This fact cannot be overstated. LeMay personally lead many of the missions he sent his troops on, including the infamous Schweinfurt/Regensburg shuttle raid in October 1943, until he was grounded. This ensured that the aircrews knew that he was risking himself to prove his ideas. Harris due to many factors, including the fact the Chief of Air Staff would never have let him, never was able to fly a mission as commander of Bomber Command. Yet his airmen still knew that he cared for them and was doing everything possible for their welfare. This is exemplified by the almost unanimous support Harris has had from aircrew veterans since the war. It is these men who, if anyone, has the right to pass negative judgement on Harris and they certainly do not. Of course this is because they, like their counterparts not only in the USAAF but all those who fought the war, understand the context of what was happening at the time.
The 1997 version of Air Force Doctrine Document 1 (AFDD-1) rightfully warns of the doctrinal disease called "dogma".40 Yet one must remember that doctrine is vital to warfighting as stated by Curtis LeMay:
At the very heart of war lies doctrine. It represents the central beliefs for waging war in order to achieve victory . It is the building material for strategy. It is fundamental to sound judgement.41
Only with the constant review and amendment, when necessary, can doctrine remain current and valid. Hence given the continued debate and interest in improving US doctrine, and by definition the ability of American forces to fight, the state of that doctrine must be relatively healthy. An example of this vitality can be seen in a recent article entitled "No More Principles of War?" in Parameters, that shows the continued debate.42
The principles of war are the "enduring bedrock of US military doctrine."43 The objective remains of paramount importance because it answers the fundamental question of why there is a war being fought in the first place. Not surprisingly then, the definition of the objective has not changed much since World War II, "the objective of combat operations is the destruction of the enemy armed forces' capabilities and will to fight."44 Clearly this definition was written with the efforts of LeMay and Harris as part of its basis.
The lessons of Harris and LeMay continue to be relevant today. In Joint Pub 1 the example of OVERLORD "a Classic Joint and Combined Operation" is used for illustration.45 This is further vindication of Harris's efforts as mentioned above. A similar example is that of operation ICEBURG, the battle for Okinawa, in which LeMay's XXI Bomber Command provided bombing support. Moreover, it is certainly not just in joint operations that the lessons of LeMay and Harris are still relevant. For example, in AFDD-1 the reader is reminded in the case of "Strategic Attack" of the importance of striking at the enemy's Centre of Gravity (COGs); "this was the objective during both World War II and DESERT STORM."46 LeMay and Harris knew this and tried their best to achieve it. The recent words of Gerald Parshall on LeMay, and the words fit just as well for Harris, exemplify his focus on the objective:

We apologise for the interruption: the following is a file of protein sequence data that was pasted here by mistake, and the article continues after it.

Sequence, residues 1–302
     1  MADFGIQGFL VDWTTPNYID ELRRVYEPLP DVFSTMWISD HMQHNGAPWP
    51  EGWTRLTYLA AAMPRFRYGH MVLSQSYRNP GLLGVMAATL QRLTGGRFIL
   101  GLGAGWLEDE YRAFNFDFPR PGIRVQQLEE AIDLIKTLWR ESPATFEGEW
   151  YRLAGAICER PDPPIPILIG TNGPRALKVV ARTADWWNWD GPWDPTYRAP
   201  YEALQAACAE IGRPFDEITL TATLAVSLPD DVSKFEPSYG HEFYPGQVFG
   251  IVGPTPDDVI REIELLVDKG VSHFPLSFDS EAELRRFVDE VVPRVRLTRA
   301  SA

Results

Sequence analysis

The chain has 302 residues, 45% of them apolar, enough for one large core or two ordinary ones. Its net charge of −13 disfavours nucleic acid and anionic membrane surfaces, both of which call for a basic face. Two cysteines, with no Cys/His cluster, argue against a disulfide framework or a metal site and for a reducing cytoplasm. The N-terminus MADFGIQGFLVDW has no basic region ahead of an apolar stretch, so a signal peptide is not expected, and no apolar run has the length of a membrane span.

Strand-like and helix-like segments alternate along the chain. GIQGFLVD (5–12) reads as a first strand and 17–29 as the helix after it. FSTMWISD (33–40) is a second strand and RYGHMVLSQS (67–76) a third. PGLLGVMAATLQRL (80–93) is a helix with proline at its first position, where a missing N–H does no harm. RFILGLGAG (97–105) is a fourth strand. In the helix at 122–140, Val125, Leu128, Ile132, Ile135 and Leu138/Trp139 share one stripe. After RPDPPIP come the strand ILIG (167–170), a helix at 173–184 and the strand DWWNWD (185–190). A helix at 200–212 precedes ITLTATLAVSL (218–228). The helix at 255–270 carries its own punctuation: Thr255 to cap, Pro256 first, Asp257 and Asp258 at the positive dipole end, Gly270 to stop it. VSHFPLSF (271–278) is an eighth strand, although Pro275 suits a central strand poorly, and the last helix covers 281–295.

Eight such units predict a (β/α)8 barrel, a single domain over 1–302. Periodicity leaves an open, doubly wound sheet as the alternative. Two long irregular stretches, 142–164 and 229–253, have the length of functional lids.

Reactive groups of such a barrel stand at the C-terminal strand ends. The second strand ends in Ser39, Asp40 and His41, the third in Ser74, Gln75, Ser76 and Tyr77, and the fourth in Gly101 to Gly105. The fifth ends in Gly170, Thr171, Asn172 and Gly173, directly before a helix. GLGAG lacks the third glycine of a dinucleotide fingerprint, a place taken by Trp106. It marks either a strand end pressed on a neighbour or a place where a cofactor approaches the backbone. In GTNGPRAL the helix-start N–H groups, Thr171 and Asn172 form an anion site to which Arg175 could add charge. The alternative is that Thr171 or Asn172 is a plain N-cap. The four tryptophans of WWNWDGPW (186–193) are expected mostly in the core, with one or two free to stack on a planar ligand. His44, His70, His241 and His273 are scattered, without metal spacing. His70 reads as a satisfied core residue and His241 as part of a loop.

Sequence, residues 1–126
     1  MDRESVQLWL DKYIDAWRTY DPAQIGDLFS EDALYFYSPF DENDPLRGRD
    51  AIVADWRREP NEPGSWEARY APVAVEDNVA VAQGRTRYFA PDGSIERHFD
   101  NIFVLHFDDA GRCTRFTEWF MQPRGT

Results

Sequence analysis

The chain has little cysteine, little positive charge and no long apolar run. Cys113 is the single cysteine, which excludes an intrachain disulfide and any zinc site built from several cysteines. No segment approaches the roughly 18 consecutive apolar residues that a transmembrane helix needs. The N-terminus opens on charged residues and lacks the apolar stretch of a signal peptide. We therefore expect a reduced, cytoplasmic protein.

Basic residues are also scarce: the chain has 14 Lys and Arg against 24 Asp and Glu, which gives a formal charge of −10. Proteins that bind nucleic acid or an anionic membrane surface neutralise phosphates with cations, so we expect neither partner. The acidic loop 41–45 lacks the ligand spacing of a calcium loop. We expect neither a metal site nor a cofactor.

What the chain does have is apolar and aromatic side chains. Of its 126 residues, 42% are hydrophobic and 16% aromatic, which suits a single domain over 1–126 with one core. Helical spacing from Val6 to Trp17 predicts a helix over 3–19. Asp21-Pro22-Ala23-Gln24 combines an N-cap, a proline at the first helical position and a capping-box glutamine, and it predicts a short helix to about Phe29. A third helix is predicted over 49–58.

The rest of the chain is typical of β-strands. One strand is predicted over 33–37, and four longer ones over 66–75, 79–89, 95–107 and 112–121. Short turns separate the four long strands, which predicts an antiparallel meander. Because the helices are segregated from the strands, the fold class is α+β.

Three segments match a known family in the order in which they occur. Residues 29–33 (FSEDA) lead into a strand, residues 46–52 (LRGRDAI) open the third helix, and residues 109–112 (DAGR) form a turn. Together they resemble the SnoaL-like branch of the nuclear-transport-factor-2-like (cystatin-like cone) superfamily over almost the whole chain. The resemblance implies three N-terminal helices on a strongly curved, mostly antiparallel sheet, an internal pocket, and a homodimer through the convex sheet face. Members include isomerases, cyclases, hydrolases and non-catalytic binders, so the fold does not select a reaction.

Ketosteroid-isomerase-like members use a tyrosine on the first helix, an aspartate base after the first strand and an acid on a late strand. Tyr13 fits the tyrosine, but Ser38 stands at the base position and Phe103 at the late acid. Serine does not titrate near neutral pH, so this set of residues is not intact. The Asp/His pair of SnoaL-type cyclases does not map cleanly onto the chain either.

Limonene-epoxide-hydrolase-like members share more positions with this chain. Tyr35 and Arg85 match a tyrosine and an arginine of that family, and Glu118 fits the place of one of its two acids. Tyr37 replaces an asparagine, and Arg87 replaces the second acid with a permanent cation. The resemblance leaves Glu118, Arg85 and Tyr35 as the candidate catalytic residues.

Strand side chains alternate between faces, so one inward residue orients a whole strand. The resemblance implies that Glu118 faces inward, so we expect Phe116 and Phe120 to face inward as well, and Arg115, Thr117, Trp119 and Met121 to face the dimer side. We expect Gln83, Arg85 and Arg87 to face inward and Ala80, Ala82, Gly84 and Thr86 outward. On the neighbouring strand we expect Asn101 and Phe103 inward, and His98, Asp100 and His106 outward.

His biggest fear was not death but failure. And no one in the Air Force worked harder to avoid it. He trained his crews relentlessly, stretching them, their airships, and himself to the limit.47
Therefore just because the times have changed does not mean that the tenacity and courage displayed by Curtis LeMay and Sir Arthur Harris should ever be forgotten. The important point, for example, is not to remember so much the particular tactic that LeMay invented but that he thought it up in the first place. He left the comfort zone of the orthodox tactics of the day and in keeping with trying to achieve the objective greatly assisted the victory. As denoted by the title of Denis Richards' latest book on Bomber Command, the air offensive in World War II certainly was The Hardest Victory.48 A victory achieved in large part because of the tenacious adherence to the principle of war the objective by two of the greatest practitioners of bombing of all time Curtis LeMay and Sir Arthur Harris.
1. Whether one believes that this means by "precision" bombing of selected targets to cut critical choke points or "area" bombing of cities, or some combination of the two, is irrelevant because the bottom line in both versions is that bombing could win the war.
2. Maurice Matloff, "Allied Strategy in Europe 1939-1945," in Makers of Modern Strategy ed. Peter Paret (Princeton: Princeton University Press, 1986), 677.
3. For a good summation of the controversy see David MacIsaac, "Voices from the Central Blue: The Air Power Theorists," in Makers, 636 to 637.
4. The American bombing of Japan is labelled "sheer unadulterated murder" in Perter Calvocoressi et al, Total War The Causes and Courses of the Second World War Vol 2. (London: Penguin Books, 1989), 582, and in Eric Markusen and David Kopfs The Holocaust and Strategic Bombing (Boulder: Westview Press Inc., 1995), 257-258, strategic bombing is equated genocide.
5. This paper however will not be a biography of LeMay and Harris nor will it address personal issues or post or pre war service except where applicable.
6. For a well written popular history account of the prophets of air power see David Nevin, Architects of Air Power (Chicago: Time-Life Books, 1981), or see Williamson Murray, Strategy for Defeat The Luftwaffe 1933-1945 (Secaucus: Chartwell Books, 1986), 233-243.
7. John Keegan, The Battle for History Re-Fighting World War Two (New York: Vintage Books, 1996), 26.